The Polytechnic Way, The Way to Go

Hey guys! I’m back with a quick write up. Since I have been getting an influx of visitors wanting to know more about NTU, perhaps I should also cover on Pre-U matters to aid secondary school leavers on which study path to go upon completing their ‘O’s. Since I am a Polytechnic graduate, I thought it would be more appropriate for me to talk in depth about the diploma route.


As many of you know, I was educated in Singapore Poly (SP) and I graduated 2 years ago. Interestingly, I never struggled with my options after completing my ‘O’ levels as I had already made up my mind even before I began Secondary Five. I would take time to browse through SP website (because it was the most convenient Poly for me and my father was also an SP graduate) and the informational brochures all 5 Polys would send me throughout the year. Though some may argue that I had 1 extra year to decide, I believe I would still do the same even if I was in the Express stream.

Check our this article from Digital Senior to understand more about the differences and similarities between Polytechnic and University life!

Why did I not choose the Junior College (JC) route then? Apart from being sick of the books (I definitely did not want to study intensely for another 2 years after going through ‘N’ and ‘O’ levels consecutively), I wanted more hands-on experiences and the idea of being able to wear home clothes to school just won me over. Very superficial I know. But trust me, there is more to that. So going to JC never crossed my mind. Fortunately, my batch was able to experience the PAE (Provisional Admission Exercise a.k.a “first three months”) before it was abolished. I did fairly well for my prelims and went to Innova JC. However my first three months only lasted for a day because I found a job which commenced on the second day haha. Hence I wasn’t at all tempted or lured to go to JC.

Studying in polytechnics does not only give you hands-on experience (which is heavily harped on by all Polytechnic when promoting to secondary school leavers), students also get to meet and work with real companies through internships and projects assigned by the school. I have personally visited PR firm Edelman, spoken with someone from advertising firm Leo Burnett (who is also a graduate of my alma mater as well), worked with Singapore Maritime Foundation on a logo and many more. If you have communications background, you’d definitely know the first 2 firms mentioned because they are worldwide renowned. People who specialise in radio and TV will also get to work in Mediacorp studios or radio. I have also been personally taught by real industry players, such as the founder of MooMedia (a pretty well-known cinematography and photography company that recently just helped produced the NDP mini series) for a particular video editing course. Being a Poly student really gives you an edge over JC students who will only know about these in Uni (unless of course, you already have an interest in this area and have had hands-on experience).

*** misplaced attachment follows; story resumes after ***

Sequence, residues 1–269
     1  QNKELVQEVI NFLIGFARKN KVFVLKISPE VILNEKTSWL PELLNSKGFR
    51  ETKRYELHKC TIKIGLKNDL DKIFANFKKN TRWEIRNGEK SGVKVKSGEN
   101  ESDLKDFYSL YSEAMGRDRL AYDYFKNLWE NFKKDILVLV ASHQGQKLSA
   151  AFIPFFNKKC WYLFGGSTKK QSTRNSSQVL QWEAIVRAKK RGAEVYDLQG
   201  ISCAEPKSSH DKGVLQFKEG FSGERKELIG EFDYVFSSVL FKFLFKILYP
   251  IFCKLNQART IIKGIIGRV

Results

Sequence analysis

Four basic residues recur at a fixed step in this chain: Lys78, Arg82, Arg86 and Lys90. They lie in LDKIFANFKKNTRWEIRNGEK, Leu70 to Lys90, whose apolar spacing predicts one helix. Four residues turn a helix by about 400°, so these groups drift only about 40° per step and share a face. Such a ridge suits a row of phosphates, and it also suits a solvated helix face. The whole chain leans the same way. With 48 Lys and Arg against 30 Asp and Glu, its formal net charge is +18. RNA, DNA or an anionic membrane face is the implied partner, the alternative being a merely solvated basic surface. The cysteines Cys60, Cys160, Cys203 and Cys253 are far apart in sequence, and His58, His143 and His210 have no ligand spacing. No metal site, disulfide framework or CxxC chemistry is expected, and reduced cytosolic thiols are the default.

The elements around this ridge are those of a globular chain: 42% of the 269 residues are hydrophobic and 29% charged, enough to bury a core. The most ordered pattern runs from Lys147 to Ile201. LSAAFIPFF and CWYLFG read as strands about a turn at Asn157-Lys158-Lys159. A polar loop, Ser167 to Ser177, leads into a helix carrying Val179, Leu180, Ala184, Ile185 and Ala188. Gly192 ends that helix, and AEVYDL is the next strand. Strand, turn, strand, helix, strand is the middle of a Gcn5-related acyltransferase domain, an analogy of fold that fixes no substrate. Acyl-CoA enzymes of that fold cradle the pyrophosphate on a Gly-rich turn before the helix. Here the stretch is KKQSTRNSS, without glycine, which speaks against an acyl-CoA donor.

I understand some students chose to go to JC due to financial difficulties since Poly fees are so expensive. But for students who chose the JC route because they hadn’t decided on which career path or specialisation to take.. why? I mean, no offence but I really cannot fathom why some hadn’t make up their minds. How long more would they need to decide? If they couldn’t even decide in 4-5 years, would an additional 2 years help at all? These people rely on fate to take them to places and to me, they are just plain lazy.

Of course, there are those who think that the duration to obtain a diploma is too long, that they’d get distracted in Poly and fare badly or that getting into a local University using a diploma is tougher than using an ‘A’ level cert.

As one who had enjoyed and developed tremendous skills during her time in Poly, done fairly well and gotten a place in NTU (applied twice and was offered a place in both, even though the first wasn’t what I wanted), I can easily refute all these assumptions. What’s more, I came from the not-so-elite-and-looked-down-upon Normal Academic stream which is “supposed” (italics + inverted commas to emphasize that it is NOT true at all) to be less academically inclined so what other excuses do you have?! To add on, I was also from the “lousiest” and “stupidest” EM3 stream in primary school but that’s another story.

Not trying to be cocky but I truly believe it all boils down to your mindset (maturity) and self-discipline. People who tell (or scare) prospective Poly applicants that they’d tend to slack, cut classes bla bla bla and ultimately get poor GPAs are usually those with no self-control themselves. The timetable is less rigid such that you do not have classes everyday from 9am-2pm which allows you to have more free time (usually for group projects but I had my own life.. I went shopping in town and relaxed too). No one told you to slack and skip classes what?! If you do it, that’s your own problem! If you’re determined and focused enough, you should be able to overcome this obstacles. If you keep having the mindset that, oh.. I’m in Poly, I bound to lose focus, play a lot and then do badly like my seniors, then of course you’re bound to fail too. So don’t generalise and make slacking sound like it’s part of the Poly culture. It’s definitely not.